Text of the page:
Working on Us is a wonderful series over on Beckie’s Mental Mess, where each week has a new prompt meant to get people talking about mental health topics. Check out the original prompt for week 25 and click around to find participants of previous weeks’ topics!

This week, the prompt is loose; just write about something you’re thankful/grateful for.

I joke with my family that my life basically revolves around the dog park, and although it’s funny, it’s also kind of true. I adopted Stella when I was in a really tough place, mentally, and her sweetness, affection, and persistence are what have gotten me out of bed and outside over the last year.

black dog with pointy ears laying in grass between person's outstretched bare legs

When I think about how grateful I am to have Stella, I also think about my family’s support and patience, and how willing they were to care for her when I was in the hospital. I’m thankful for the people I meet at the dog park, and the sense of community and routine I’ve found there. I think about the resources I have to be able to provide for Stella, and the fact that my body allows me to walk, run, and play with her.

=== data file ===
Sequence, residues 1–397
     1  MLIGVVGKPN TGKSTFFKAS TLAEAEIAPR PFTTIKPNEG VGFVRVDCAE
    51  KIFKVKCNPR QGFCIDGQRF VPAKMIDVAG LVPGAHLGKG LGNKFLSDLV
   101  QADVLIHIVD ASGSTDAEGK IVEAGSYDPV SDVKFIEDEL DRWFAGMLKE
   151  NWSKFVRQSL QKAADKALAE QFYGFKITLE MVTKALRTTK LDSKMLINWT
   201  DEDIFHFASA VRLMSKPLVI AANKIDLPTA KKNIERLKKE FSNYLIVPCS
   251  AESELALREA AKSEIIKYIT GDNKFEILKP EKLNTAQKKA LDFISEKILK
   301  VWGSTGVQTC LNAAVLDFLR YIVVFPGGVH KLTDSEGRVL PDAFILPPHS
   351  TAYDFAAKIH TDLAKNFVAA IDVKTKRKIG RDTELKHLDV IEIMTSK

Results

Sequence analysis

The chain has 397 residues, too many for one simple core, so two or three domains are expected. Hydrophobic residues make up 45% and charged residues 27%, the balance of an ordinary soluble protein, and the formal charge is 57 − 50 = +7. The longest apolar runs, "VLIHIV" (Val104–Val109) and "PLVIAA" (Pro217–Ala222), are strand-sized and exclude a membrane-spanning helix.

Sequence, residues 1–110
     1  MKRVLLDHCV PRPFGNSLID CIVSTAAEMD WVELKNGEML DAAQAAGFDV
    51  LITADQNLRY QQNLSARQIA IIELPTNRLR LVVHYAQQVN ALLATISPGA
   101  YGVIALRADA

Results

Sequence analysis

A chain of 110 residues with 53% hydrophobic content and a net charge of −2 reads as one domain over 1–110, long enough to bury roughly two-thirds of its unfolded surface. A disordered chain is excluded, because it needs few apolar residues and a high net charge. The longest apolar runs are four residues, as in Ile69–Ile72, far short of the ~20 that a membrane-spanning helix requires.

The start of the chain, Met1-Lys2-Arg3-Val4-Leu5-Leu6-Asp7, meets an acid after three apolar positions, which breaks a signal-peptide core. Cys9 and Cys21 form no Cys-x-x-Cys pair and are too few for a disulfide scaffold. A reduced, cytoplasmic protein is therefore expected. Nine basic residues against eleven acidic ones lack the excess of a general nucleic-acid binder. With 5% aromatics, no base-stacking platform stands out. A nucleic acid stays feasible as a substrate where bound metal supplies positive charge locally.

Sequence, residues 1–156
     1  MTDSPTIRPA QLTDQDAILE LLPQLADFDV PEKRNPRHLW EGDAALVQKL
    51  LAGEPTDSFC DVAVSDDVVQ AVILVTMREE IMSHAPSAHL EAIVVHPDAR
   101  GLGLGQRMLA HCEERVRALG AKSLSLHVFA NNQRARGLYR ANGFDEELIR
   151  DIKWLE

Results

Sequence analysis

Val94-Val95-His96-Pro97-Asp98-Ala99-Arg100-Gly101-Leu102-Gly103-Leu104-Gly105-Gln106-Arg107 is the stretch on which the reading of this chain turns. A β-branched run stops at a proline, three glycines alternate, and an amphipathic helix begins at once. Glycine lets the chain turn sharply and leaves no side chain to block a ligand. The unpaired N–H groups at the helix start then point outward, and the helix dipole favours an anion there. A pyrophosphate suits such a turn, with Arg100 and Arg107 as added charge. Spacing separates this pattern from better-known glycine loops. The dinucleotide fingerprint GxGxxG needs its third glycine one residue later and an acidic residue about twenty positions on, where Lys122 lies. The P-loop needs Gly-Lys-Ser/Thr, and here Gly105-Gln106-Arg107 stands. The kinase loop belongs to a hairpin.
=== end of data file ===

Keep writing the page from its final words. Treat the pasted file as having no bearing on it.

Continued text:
IMG_4092black dog with pointed ears panting while lying in shade next to concrete structure

When I think about how grateful I am to call Stella mine, it ripples out to every aspect of my life with her. I think that’s a powerful quality of giving thanks; you cannot be thankful for one thing without also being thankful for what contributes to it and leads to it.

I’m also incredibly thankful for what comes from my responsibility for and love of Stella. I’m thankful for long walks with frequent sniff stops and short walks around the block. She gives me stories to tell and reasons to get out of my comfort zone. I’m grateful that she makes me laugh every day.

IMG_4489black dog biting stream of water from sprinkler

I’m thankful that she is instantly joyful when I buy her toys, but is also amused with a simple piece of cardboard. I’m thankful that I can tell when she’s tired because one ear flops over.


I’m thankful for my pup because she makes my life more joyful, she connects me to other people, and she demands that I take care of her and in so doing, myself. I hope that everyone had a lovely Thanksgiving, and if you don’t celebrate Thanksgiving, I hope that you had a great week filled with all of the people, pets, and things you’re thankful for all year long.